SAN FRANCISCO - Cruise, the autonomous car company said one of its vehicles is not at fault for a crash that sent a woman to the hospital with life-threatening injuries in San Francisco.
The woman was struck about 9:30 p.m. Monday at 5th and Market streets. It was initially reported to 911 as a car hitting a woman who'd been walking across the street.
And when first responders arrived, they found the woman pinned underneath the self-driving car.
Investigators saw no other vehicles around and there was no one inside the self-driving car, when the crash happened.
But overnight, a spokesperson for Cruise, the company that operates this self-driving car, said company officials were able to view the self-driving car's dash cam video.
"The initial impact was severe and launched the pedestrian directly in front of the AV," Cruise's statement read. Cruise said their vehicle braked aggressively to minimize the impact, while the driver of the other vehicle involved fled the scene.
The company says the video clearly shows another car – driven by a human – struck the woman first.
In the video, it appears as though both cars had a green light as the woman is seen trying to cross the street.
Cruise shared that video with KTVU for viewing purposes only; the company will not release it publicly. Cruise said they've turned the video over to police.
The video shows a dark-colored sedan driving next to the Cruise car.
An autonomous vehicle struck a pedestrian in San Francisco Monday night.
At the same time, a woman is seen crossing the street into oncoming traffic when a driver in the dark-colored car hits her. The impact throws her into the path of the self-driving car and she became pinned underneath it.
The driver of the other car, left the scene.
By the time firefighter arrived, no one else was around.
Firefighters confirmed the woman suffered multiple traumatic injuries in the crash. They rushed her to the hospital.
In an interview from the scene of the collision, San Francisco Fire Capt. Justin Schorr said this was a unique situation for rescuers.
"When they arrived on scene they found a female underneath the left rear axle of a stopped autonomous vehicle," Schorr said. "Rescuers did not have any drivers or any passengers to ask about the nature of the injuries or how the victim came to be beneath the vehicle."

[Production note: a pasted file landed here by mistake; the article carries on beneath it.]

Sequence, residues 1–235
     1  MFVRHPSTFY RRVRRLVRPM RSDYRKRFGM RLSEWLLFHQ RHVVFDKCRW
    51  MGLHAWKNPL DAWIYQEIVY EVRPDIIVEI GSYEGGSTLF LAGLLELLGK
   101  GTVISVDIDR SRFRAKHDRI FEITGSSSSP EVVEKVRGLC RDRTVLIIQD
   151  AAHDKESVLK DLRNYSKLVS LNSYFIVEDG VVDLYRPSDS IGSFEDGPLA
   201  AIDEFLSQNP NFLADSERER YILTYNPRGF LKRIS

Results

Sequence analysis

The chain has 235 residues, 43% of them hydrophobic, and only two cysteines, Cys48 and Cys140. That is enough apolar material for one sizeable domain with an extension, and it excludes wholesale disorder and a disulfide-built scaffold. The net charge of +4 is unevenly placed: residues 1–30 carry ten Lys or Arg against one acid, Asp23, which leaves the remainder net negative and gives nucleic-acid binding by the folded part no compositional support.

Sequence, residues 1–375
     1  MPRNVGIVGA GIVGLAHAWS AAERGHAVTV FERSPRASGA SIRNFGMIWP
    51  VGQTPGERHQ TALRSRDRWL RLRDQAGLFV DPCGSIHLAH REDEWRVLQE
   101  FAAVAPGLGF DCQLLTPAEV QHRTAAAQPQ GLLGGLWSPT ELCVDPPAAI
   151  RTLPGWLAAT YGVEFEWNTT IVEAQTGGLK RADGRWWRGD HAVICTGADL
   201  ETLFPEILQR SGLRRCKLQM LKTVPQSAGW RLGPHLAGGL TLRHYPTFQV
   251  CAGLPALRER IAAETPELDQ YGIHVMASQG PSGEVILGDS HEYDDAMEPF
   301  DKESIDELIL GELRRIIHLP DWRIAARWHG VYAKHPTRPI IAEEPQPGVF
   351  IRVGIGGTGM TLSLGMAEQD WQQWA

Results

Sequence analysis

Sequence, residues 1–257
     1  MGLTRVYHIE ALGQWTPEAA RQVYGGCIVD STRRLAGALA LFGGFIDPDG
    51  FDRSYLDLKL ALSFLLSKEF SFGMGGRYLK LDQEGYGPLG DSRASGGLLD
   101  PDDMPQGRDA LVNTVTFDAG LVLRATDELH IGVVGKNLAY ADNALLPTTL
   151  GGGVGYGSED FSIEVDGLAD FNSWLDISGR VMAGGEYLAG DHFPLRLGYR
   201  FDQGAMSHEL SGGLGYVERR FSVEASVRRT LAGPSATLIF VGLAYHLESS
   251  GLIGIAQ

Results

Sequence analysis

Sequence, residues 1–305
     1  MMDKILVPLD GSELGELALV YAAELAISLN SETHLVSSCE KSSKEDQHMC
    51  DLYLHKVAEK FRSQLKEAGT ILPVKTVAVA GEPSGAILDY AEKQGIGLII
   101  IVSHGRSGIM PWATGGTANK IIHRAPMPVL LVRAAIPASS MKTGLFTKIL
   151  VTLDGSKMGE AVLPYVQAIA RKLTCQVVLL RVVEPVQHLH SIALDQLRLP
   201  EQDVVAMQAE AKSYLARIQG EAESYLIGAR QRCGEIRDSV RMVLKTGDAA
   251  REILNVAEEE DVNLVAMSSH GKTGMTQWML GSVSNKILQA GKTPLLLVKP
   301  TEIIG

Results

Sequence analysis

Schorr said the woman was trapped under the Cruise vehicle for an unknown amount of time.
Rescuers were able to contact the vehicle operator through the voice controls inside the robo-taxi. The vehicle was disabled to a stop.
Schorr said heavy rescue tools, including the jaws of life, were utilized to extract the victim. The vehicle had to be lifted off from the victim, and she was then pulled to safety.
Schorr said the victim suffered multiple traumatic injuries as a result of the collision. He said aside from no drivers or passengers, there were also no witnesses on the sidewalk who came forward with information about the crash. Schorr said responders were at the scene within 60 seconds of the initial dispatch.
As of Tuesday morning, San Francisco police confirmed the basic details of what Cruise said happened, but they stopped short of calling it a hit-and-run investigation.
The autonomous vehicle company has sparked the ire of the city's fire department and other first responders.
AVs have been blamed for blocking ambulances from responding to emergency scenes. This past summer, San Francisco's fire chief criticized the latest technology, saying AV companies like Waymo and Cruise were not ready for prime time.
Despite this criticism, the California Public Utilities Commission voted in August to approve the expansion of AVs on city streets, allowing them to collect fares as a taxi service.
That same month, Cruise agreed to cut their fleet in half after one of their vehicles crashed into an SF Fire Department truck in the Tenderloin.